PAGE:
'Contender' champ hungry for challenges

Sergio Mora, who will take on Archak Termeliksetian in Thursday's "Contender" special on ESPN, still seeks to face top competition, Joe Tessitore writes.

Originally Published: May 2, 2006
By Joe Tessitore | Special to ESPN.com

The echoes from the knockout in downtown Providence still were reverberating through the February night. Hometown hero Peter Manfredo had just gotten rid of Scott Pemberton the way my wife cleans out my closet: fast and with a hint of anger. It was a night for Rhode Island to celebrate their local boy who made good. Manfredo graduated on that cold winter evening from reality series star to boxing fringe contender.

Sergio Mora
Mora

Among the Italian flag-clad fans who filled the Dunkin' Donuts center was Sergio Mora. The $1 million winner of "The Contender" was in enemy territory. Sergio accepted the taunts and chants head-on. "I'll tell you what -- I respect them," he said. But not enough to be affected.

In the past year, he had defeated Manfredo twice. For Sergio, this night wasn't about drawing out a third fight, although that seemed to be there for the taking. It was about advancing his own boxing story.

After grabbing plenty of on-air time with Teddy Atlas, Brian Kenny and me, "The Latin Snake" made his way to the post-fight party. The Manfredo well-wishers were everywhere. Mora knew each handshake would come with a call-out.

"Now you have to come here to Providence for the third Manfredo fight," an ESPN producer said.

Mora didn't deny the possibility but you could see the want in his eye was for something different. It's what every fighter wants. A chance to take on the very best.

He sat opposite me at a long table filled with food, cocktails and TV executives. With each passing round of drinks, the conversations at the other end of the table grew in volume, while the trio at our end quickly delved into some serious boxing talk.

Sugar Ray Leonard and I were playing fantasy manager with Sergio, going over possible future opponents. The names being put forth were legit guys. There are fights that Mora would be the favorite, others that he might not be. There are fights against former world champions or guys who have fought for the world title. There are fights that would gain him credibility beyond the walls of Mark Burnett Productions.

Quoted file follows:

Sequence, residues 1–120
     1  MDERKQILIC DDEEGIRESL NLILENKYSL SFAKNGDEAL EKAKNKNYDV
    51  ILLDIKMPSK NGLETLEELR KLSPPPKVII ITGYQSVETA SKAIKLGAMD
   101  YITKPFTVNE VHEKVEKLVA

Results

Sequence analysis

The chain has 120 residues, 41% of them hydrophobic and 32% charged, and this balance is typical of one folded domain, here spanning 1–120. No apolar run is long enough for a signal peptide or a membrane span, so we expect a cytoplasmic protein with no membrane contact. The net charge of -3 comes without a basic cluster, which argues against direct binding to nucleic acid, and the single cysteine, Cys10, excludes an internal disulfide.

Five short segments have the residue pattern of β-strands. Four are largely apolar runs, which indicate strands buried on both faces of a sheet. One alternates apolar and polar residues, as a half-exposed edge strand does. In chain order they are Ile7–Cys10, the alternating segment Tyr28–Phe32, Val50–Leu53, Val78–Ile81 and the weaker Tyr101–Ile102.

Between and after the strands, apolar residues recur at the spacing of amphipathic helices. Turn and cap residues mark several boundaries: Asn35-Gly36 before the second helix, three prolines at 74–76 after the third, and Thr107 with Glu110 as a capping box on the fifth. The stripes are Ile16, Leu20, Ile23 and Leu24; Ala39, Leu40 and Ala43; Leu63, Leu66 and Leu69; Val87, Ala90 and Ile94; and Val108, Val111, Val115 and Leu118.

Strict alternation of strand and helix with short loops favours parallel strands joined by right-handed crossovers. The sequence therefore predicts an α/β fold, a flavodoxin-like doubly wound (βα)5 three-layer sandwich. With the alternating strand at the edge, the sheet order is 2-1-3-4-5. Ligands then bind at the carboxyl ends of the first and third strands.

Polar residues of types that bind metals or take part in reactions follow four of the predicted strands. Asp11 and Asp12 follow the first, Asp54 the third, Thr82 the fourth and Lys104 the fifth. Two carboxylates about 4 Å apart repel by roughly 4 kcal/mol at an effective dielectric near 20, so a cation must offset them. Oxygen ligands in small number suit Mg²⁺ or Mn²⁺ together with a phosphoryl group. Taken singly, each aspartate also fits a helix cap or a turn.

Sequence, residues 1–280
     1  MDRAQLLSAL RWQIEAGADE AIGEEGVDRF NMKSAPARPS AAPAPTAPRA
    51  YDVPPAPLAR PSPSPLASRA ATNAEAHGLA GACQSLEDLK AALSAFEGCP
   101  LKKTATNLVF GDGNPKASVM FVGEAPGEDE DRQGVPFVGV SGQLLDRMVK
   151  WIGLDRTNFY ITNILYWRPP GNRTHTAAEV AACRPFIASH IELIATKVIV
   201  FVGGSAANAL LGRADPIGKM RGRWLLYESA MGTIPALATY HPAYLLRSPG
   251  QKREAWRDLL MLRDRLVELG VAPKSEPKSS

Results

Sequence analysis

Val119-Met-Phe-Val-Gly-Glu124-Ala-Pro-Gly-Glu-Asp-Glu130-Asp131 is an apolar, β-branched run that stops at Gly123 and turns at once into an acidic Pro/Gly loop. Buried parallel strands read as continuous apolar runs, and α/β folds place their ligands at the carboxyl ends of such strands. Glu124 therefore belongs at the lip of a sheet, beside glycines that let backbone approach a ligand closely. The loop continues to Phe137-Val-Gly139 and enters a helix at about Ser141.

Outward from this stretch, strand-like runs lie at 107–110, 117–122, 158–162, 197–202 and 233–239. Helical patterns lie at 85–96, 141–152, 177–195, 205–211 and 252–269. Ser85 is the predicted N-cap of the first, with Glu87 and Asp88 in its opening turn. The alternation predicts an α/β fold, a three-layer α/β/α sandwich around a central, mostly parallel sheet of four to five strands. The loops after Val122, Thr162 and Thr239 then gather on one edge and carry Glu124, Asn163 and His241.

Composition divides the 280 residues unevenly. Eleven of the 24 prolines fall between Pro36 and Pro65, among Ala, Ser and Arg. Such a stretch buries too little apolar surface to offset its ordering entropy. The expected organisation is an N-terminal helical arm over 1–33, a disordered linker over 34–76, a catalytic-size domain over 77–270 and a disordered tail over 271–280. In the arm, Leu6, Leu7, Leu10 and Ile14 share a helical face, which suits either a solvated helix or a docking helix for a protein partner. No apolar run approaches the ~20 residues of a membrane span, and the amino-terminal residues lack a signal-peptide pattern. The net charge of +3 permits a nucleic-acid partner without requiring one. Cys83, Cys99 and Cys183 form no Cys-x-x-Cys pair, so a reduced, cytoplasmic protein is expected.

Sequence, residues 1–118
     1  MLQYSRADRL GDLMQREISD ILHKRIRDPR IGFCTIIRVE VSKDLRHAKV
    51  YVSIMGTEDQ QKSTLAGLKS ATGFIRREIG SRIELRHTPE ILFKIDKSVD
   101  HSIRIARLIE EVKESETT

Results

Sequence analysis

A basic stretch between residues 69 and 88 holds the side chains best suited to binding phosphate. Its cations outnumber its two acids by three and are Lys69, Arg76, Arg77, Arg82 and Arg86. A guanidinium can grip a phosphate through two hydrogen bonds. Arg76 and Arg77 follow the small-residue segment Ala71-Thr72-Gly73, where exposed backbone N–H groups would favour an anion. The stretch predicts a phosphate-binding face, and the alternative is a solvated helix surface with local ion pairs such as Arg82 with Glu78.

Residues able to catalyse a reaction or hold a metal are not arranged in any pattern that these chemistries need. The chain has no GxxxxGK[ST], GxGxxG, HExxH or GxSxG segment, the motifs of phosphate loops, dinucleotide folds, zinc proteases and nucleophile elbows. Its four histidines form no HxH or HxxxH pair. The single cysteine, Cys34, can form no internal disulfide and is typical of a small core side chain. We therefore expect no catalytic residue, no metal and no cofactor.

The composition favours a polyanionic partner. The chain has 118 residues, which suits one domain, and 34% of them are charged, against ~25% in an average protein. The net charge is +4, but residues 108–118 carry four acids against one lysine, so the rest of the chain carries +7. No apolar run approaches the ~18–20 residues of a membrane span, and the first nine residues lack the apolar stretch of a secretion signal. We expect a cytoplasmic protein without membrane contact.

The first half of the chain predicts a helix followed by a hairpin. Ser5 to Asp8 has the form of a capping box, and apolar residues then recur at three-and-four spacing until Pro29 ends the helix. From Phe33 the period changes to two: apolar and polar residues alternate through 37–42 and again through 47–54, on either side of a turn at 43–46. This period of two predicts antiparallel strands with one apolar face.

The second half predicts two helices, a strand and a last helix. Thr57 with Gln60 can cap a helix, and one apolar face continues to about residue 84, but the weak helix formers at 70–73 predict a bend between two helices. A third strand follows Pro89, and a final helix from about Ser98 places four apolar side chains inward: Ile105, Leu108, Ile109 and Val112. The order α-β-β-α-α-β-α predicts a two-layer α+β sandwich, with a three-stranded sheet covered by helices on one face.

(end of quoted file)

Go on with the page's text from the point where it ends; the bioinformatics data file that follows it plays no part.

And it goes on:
Mora (17-0) never shook his head on any of them. He is a fighter, deep down. No challenge is too much for him.

Sergio Mora
Al Bello/Getty Images Sergio Mora celebrating his Oct. 15, 2005, victory over Peter Manfredo in Los Angeles.

His next challenge is going to get plenty of TV attention. It's the heavily promoted ESPN Vegas Night ("The Contender Special: Latin Warriors," 9:30 ET Thursday). Mora will be taking on Archak Termeliksetian. An Armenian raised in Brazil who now lives in Los Angeles, Termeliksetian (15-3) fights as hard as his name is to pronounce. But it's obviously not a name known to most boxing fans.

"I have told everyone involved I will fight the fighters Shane Mosley and Fernando Vargas fought in their last five fights," Mora said. "But I realize more and more that it's not really up to me."

Mora is a smart guy who speaks the truth. To a certain extent, he's correct. It's not really up to him. He wouldn't be a star in the first place if it weren't for the system. "The Contender" gave Mora the opportunity. Now the economics and politics of the made-for-TV promotional force will dictate the pace at which this next stage of his career is reached.

The Thursday night of Vegas action starts with what is being called "The Impossible Jump" (ESPN, 8:30 ET). It features one of those X-Games motorcycle guys (Mike Metzger) who is going to attempt to back flip over the fountains at Caesars Palace. Mora might be taking the bigger risk.

"I don't think it advances a lot," he said. "It keeps me sharp and it is a respectable fight."

Many insider boxing folks think that it could be a very exciting fight. Termeliksetian's only losses are to undefeated prospects. Stylistically he is crowd pleasing.

"I know it is going to be an exciting fight," he said. "He comes out fast and strong and comes to punch the first four rounds. I have to avoid his big shots."

While most reality-show stars erode to a life of tabloid news notes and B-level casting calls, Mora has matured through the whole process of "The Contender."

He told me, "At first, I was tense before fights. I was almost hyper. I have been thinking a lot more, wondering if I am just getting used to the entertainment side. I've said to myself, 'Dude, you're too calm.'"

My thought is that it is a good kind of calm. Mora has reached a level of professional maturity that allows you to effectively put forth your natural talents and hard-earned skills in a controlled way.

Joe Tessitore is the blow-by-blow announcer on ESPN2's "Friday Night Fights."

Joe Tessitore has been the blow-by-blow announcer for ESPN2's "Friday Night Fights" and "Wednesday Night Fights" since 2002 and contributes a weekly boxing column to ESPN.com.

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